He added: “Western governments, including the UK, have approached SWFs from the Middle East to help with economic recovery, but many will fight a losing battle. There is certainly less money to invest internationally so the stakes are higher. Those courting GCC money from outside the region will only win with a deep understanding of what is driving the thinking of SWFs, and a long term commitment to building bi-lateral relationships which add value to their investment policy.”

Last year, Invesco created the first ever framework that categorises the core objectives of SWFs and revealed the drivers behind the investment strategy and preferences of these huge investment funds

Sovereign wealth funds were categorised as:

  • Development Agencies’: SWFs focused on local development projects and investments.
  • ‘Policy Supporters’: SWFs that use international investments to drive foreign or local policy outcomes.
  • ‘Diversification Vehicles’: SWFs that invest internationally typically referencing a global benchmark for asset and geographic allocations.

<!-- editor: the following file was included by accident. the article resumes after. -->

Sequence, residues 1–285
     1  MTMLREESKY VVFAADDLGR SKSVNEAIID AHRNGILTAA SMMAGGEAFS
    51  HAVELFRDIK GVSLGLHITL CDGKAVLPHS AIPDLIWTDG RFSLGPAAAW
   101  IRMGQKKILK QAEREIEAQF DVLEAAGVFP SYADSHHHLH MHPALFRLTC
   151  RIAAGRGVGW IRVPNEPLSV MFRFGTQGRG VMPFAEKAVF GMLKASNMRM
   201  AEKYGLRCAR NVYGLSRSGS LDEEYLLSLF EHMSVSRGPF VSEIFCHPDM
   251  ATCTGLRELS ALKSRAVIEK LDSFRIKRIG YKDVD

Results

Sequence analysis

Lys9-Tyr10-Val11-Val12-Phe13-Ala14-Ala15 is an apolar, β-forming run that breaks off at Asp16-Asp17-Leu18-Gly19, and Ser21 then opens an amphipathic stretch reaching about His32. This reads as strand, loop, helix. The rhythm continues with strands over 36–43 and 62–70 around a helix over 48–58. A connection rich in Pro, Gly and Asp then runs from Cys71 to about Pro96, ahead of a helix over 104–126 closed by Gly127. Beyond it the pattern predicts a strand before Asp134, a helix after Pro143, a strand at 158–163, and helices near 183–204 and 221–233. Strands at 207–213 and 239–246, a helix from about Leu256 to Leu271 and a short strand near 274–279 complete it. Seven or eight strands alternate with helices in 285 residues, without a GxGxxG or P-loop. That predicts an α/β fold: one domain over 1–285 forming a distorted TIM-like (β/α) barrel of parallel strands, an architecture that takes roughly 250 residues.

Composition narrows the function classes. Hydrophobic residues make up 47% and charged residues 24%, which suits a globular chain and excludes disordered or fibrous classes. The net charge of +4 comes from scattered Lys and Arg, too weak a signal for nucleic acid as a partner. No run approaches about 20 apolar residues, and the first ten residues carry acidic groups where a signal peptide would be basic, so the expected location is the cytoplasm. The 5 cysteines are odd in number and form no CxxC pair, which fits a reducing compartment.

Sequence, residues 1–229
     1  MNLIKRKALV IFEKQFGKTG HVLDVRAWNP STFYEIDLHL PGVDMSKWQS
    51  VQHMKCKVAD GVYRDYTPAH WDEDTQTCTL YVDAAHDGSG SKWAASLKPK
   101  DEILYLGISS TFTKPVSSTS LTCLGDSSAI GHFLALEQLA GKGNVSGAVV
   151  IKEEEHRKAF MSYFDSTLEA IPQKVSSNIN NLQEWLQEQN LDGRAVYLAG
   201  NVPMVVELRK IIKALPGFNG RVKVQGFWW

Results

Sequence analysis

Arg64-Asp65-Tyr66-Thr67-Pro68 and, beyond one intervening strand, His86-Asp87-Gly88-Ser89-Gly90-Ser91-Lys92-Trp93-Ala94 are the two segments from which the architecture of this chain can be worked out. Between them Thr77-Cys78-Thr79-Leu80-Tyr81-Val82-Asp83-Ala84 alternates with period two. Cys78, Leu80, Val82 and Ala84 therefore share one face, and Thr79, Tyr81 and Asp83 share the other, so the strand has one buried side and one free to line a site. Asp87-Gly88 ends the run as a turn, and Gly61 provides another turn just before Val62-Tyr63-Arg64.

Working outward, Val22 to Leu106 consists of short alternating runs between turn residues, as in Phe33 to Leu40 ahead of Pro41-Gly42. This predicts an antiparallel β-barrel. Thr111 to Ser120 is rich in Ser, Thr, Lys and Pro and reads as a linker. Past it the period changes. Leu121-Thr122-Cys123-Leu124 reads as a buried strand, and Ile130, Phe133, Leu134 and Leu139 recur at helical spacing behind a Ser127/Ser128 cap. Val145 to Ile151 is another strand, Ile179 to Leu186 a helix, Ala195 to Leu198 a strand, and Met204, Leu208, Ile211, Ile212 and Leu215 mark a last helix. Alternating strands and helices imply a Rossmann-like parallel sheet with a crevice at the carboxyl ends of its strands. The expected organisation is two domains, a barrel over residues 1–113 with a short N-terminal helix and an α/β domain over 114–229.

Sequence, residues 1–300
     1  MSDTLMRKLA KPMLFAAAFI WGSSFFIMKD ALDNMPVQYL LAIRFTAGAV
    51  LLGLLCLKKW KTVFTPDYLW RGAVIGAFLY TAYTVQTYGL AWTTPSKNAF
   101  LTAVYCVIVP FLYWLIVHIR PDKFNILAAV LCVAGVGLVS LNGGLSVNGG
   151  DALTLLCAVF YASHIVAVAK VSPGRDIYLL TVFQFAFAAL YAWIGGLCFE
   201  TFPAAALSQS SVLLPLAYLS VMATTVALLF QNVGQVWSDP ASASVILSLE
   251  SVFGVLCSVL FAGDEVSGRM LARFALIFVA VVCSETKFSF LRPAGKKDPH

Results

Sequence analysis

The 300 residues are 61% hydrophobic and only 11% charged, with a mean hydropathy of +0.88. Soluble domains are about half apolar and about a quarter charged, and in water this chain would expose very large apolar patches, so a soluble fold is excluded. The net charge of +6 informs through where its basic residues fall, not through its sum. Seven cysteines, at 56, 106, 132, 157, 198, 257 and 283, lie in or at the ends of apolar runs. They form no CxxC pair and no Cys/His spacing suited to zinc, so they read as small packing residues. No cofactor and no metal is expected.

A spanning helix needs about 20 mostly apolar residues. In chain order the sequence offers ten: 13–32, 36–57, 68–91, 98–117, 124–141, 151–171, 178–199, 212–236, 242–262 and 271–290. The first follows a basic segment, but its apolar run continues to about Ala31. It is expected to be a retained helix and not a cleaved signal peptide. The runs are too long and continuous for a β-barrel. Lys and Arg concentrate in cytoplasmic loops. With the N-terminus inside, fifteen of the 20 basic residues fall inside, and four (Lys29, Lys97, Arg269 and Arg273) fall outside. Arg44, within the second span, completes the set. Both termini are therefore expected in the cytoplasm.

• ‘Asset Managers’: SWFs that are purely focused on risk-adjusted investment returns, typically with broad scope to invest across assets and regions.

Last year, the study revealed that traditional investment SWFs – diversification vehicles and asset managers – appeared to be favouring developed markets, with around 54% of GCC SWF assets held in this region with the highest exposure to North America (29%) and to Western Europe (19%). Investment in North America is now down this year at 14% and Continental Europe down at 4%, as a result of the Eurozone crisis.

The clear shift in terms of geographic allocation of investment money has been towards the local region. Investment in assets related to the GCC moved up from 33% to 56%, with local bonds seeing a rise from 6% of SWF investable assets to 14%.  Property and infrastructure have also take a large proportion of the investable assets from these SWFs, 13% and 14% respectively.

Nick Tolchard commented: “The story this year is that it is no longer a given that large sovereign governments are going to direct their oil revenue surpluses around the globe, pumping cash into other global economies. There will be high profile, strategic investments like the proposed RBS deal, or indeed other large trophy assets, but it’s a changed market. There will be contestable assets for fund managers in core relevant markets but with more money being deployed into the local economies it is likely to be a much more competitive landscape as long as the unrest continues.”